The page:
Builders Hit Hole-in-One: Dead Golf Courses Become Sites for New Housing


Goodbye, golf courses. Hello, housing?

Nationally, builders running out of land in desirable locations to put up new homes are finding it in an unlikely place: “dead” golf courses.

Golf has been falling out of favor for years, plunging from 30.6 million regular golfers in 2003 to 23.8 million in 2017, according to the National Golf Foundation, a trade group. Aging baby boomers are dropping the sport en masse, and many millennials never acquired the fairway obsession in the first place. Generation Z? Forget it.

The steep drop-off has led to more than 200 of the nation’s roughly 14,000 golf courses closing in 2017 alone, according to the NGF. In the same year, only about 15 new ones were opened.

But the golf industry’s misfortune has opened up a lot more property to put up homes in crowded cities and the pricey suburbs surrounding them. And builders are eager to tee off. There’s no data currently available on how many of these courses have been transformed into residential communities. But with the typical 18-hole course clocking in at 150 acres, the decline in the leisurely sport/activity could be a major boon for housing in some built-out areas.

“It’s an opportunity for builders to build closer in [to city centers and other more congested areas] and offer new-build homes in areas that are dominated by older homes,” says Lesley Deutch, principal at John Burns Real Estate Consulting. “Usually [they] have to build out in the suburbs. In South Florida, there’s very little land left, so golf courses provide a good opportunity.”

In some parts of the country, particularly in and around many ultraexpensive cities, land is hard to come by. Giving those lush greens a new life as residential or mixed-use communities of homes and shopping may help to alleviate the crunch.

“In a market where developable lots are scarce, a large footprint like a golf course presents a major development opportunity,” says Robert Dietz, chief economist of the National Association of Home Builders.

Some builders are scoring a perfect stroke

It should come as no surprise that most golf courses are in America’s retirement mecca of Florida. (The state is home to about 1,150.)  And that’s where many of the golf-to-housing transformations are taking place.

Florida developer 13th Floor Homes hit a hole-in-one when it turned a shuttered golf course in Tamarac into two residential developments with 429 single-family homes starting in the high $200,000s. The first one, Central Parc, sold out its inventory in 2016—less than two years after the homes hit the market. Later that year, construction began on Manor Parc, across the road.

Part of their success was a seductive combo of attractive price and primo setting—the developments are about a half-hour inland from Fort Lauderdale.

“It was a great example of offering affordable homes in a convenient location,” observes Deutch.

Experts predict that more of the nation’s greens will see a similar trajectory. For example, the Star Tribune in Minneapolis reported last year that more than 900 acres of golf courses had been redeveloped in that city’s metro area between 2010 and 2016, much of it into homes.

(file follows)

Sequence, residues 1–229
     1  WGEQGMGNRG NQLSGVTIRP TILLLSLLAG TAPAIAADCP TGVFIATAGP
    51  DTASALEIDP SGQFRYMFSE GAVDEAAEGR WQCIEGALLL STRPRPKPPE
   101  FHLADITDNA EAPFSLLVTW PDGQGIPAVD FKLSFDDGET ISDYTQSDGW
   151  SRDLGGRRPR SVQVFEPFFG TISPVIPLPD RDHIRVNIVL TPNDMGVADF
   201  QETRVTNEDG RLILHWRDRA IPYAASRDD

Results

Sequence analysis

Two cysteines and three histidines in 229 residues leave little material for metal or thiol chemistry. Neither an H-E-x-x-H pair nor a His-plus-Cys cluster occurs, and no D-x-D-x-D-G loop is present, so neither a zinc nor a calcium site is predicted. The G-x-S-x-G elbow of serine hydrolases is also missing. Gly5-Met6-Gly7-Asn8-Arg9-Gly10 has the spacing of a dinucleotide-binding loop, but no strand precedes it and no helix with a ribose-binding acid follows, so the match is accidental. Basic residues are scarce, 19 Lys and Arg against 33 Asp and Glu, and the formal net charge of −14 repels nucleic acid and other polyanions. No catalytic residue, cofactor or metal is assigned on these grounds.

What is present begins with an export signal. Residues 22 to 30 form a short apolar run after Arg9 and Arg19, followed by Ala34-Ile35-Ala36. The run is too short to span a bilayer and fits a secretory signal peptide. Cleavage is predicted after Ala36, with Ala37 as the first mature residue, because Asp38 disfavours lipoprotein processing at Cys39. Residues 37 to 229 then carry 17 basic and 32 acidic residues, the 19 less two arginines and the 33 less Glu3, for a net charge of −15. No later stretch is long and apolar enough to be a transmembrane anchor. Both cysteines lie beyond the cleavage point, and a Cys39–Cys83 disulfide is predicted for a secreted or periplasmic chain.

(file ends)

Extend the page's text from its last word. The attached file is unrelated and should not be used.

But some former golf courses are going through a different type of transformation.

The former Highlands Golf Course in western Michigan was turned into a natural area last year, with tall grass, walking trails, and wildlife, after that 100-year-old golf course closed.

Turning dead golf courses into housing developments isn’t always easy

Just because an empty golf course goes on the market, it doesn’t mean that homes can be built on it effortlessly—in fact, there are sometimes daunting challenges. Golf courses often use pesticides to keep their fairways green, so those chemicals need to be cleaned up, which can be costly. And the oft-convoluted landscaping generally needs to be completely rethought and redesigned.

Builders and developers also need to secure city zoning approvals to convert the space into residential housing. Many are also confronted with the not-in-my-backyard attitudes from neighbors who don’t want that beautiful, soothing green fairway they pass on their way to work each morning suddenly converted into housing bringing in hordes of new neighbors.

“People bought houses with the idea that they’re going to have golf course views forever,” says Laurence Hirsh, president of Golf Property Analysts, a consulting, brokerage, and appraisal business based in Conshohocken, PA. (He’s also a member of the Counselors of Real Estate, an invitation-only group of real estate experts.)

And an influx of new homes means an influx of new residents who strain crowded roads, school systems, and other city services.

“People don’t like change,” says Ed McMahon, a senior resident fellow at the Urban Land Institute, a Washington, DC–based real estate research and education group. “Green space has a psychological value, not just a practical value. Any loss of green space gets some people upset.”

In Jacksonville, FL, a housing development on the former Bay Meadows golf course was nixed after neighborhood associations decried a plan to put single-family homes and condo buildings on the site. Plans are now underway to turn the former golf course into a mixed-use development, with retail and office space as well as a hotel.

But whether the locals like it or not, more courses across the U.S. are calling it quits, freeing up tens of thousands of acres of hard-to-come-by land in prime locations. And the new normal is that they’ll be developed, says McMahon.

“You’re going to see more of this … because we need the housing.”

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Source: Housing Trends Feed